"Part Grey’s Anatomy, part modern western romance, Miller’s enjoyable story marries unexpected diagnoses with the promise of a happily-ever-after and will please fans of Jojo Moyes." —Publishers Weekly A young physician, Dr. Abby Wilmore, attempts to escape her past by starting over at the Grand Canyon Clinic. Silently battling her own health issues, Abby struggles with adjusting to the demands of this unique rural location. She encounters everything from squirrel bites to suicides to an office plagued by strong personalities. While tending to unprepared tourists, underserved locals, and her own mental trials, Abby finds herself entangled in an unexpected romance and trapped amidst a danger even more treacherous than the foreboding desert landscape. Sandra Cavallo Miller’s debut novel transports readers to the beautiful depths of Arizona and weaves an adventurous and heartwarming tale of the courage and strength it takes to overcome personal demons and to find love.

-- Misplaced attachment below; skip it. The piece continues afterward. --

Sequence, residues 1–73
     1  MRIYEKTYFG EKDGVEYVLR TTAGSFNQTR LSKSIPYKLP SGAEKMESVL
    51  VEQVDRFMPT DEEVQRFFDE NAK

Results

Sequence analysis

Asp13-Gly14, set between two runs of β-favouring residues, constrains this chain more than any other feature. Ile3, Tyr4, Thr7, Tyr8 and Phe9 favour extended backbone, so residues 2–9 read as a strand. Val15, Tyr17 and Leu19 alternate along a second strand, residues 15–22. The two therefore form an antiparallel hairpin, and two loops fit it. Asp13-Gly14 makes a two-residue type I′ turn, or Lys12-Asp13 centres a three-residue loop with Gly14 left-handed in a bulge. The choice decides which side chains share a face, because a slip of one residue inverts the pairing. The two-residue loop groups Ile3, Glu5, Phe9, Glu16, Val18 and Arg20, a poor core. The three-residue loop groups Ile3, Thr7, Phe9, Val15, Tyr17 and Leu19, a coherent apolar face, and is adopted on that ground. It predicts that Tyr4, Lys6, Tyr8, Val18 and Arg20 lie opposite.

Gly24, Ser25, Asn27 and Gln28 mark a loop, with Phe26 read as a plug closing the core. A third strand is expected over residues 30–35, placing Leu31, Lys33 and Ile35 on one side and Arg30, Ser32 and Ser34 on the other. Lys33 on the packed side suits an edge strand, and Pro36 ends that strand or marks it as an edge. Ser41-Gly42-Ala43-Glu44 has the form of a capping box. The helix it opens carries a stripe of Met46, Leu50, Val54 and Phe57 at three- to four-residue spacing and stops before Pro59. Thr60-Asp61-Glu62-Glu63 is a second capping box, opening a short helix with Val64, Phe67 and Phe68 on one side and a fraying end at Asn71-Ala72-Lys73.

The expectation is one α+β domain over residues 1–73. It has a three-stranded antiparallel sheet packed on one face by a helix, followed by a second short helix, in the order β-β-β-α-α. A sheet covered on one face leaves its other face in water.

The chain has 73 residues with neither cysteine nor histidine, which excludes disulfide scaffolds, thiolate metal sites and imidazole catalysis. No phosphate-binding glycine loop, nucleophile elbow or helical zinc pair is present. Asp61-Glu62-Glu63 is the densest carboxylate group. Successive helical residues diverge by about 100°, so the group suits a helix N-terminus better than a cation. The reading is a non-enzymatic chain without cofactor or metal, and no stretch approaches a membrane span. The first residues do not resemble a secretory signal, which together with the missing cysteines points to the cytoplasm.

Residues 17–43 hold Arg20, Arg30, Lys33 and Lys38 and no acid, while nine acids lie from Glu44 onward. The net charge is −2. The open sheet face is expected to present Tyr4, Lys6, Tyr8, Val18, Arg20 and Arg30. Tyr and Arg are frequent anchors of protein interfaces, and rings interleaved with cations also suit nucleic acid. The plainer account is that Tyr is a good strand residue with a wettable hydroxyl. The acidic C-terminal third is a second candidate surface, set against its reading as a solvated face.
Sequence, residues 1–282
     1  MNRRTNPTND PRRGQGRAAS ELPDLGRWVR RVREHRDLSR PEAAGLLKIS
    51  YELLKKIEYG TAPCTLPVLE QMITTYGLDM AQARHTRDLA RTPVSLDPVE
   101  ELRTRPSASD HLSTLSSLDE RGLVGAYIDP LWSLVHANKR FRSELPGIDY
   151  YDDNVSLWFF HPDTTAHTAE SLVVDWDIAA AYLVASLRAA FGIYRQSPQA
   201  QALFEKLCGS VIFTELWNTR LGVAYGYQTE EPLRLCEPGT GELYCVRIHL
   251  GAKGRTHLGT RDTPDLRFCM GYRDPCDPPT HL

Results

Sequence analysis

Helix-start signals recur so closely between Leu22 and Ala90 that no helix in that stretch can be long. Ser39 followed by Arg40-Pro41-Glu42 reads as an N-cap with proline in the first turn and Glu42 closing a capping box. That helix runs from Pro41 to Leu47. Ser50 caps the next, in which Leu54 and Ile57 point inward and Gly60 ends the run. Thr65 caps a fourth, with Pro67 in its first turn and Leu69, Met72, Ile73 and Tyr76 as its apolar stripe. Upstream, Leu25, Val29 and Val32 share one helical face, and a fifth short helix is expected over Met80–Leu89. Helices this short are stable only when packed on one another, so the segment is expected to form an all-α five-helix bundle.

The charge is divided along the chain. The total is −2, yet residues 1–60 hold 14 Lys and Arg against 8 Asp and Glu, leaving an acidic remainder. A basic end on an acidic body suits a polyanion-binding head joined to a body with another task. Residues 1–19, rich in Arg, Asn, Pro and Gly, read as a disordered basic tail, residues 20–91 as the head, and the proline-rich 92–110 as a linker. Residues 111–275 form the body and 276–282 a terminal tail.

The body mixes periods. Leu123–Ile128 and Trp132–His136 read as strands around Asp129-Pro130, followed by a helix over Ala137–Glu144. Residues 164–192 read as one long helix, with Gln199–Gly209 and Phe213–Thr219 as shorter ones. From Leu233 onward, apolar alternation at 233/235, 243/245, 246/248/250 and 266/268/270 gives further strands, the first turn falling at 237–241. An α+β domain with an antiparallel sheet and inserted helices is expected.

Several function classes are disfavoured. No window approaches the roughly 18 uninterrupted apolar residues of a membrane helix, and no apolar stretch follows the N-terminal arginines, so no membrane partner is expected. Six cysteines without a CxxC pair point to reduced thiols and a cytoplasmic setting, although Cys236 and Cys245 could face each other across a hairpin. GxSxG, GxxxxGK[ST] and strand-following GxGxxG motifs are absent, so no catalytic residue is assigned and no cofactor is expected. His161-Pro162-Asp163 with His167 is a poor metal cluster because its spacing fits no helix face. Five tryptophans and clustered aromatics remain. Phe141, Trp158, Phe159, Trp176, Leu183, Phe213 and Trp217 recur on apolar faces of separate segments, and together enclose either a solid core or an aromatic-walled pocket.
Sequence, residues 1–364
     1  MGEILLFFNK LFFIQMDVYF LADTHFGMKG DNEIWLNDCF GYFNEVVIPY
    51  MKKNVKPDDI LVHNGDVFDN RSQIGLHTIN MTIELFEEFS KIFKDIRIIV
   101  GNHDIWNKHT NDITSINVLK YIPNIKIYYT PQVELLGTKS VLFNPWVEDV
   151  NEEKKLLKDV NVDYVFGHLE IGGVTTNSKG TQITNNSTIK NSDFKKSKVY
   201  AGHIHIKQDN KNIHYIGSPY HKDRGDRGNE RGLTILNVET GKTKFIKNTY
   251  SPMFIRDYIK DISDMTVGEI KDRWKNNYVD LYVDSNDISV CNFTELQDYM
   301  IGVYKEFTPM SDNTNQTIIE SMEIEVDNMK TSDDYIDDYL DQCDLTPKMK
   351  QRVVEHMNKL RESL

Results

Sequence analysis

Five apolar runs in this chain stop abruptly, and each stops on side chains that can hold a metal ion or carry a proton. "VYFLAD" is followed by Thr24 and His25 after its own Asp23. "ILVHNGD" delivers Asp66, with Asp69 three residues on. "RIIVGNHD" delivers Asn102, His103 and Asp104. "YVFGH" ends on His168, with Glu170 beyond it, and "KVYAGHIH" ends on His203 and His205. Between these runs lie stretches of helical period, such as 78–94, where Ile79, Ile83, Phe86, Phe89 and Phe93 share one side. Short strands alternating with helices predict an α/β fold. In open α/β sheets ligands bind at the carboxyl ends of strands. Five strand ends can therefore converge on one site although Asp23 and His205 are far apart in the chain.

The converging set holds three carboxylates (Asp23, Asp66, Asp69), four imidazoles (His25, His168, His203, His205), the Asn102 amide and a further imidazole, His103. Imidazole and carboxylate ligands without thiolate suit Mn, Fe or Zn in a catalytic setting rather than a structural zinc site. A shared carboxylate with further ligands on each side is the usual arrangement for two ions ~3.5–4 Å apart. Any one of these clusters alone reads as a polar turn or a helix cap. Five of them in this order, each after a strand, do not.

|Publisher:||University of Nevada Press|
|Edition description:||First Edition|
|Product dimensions:||5.50(w) x 8.60(h) x 0.90(d)|
|Age Range:||14 - 18 Years|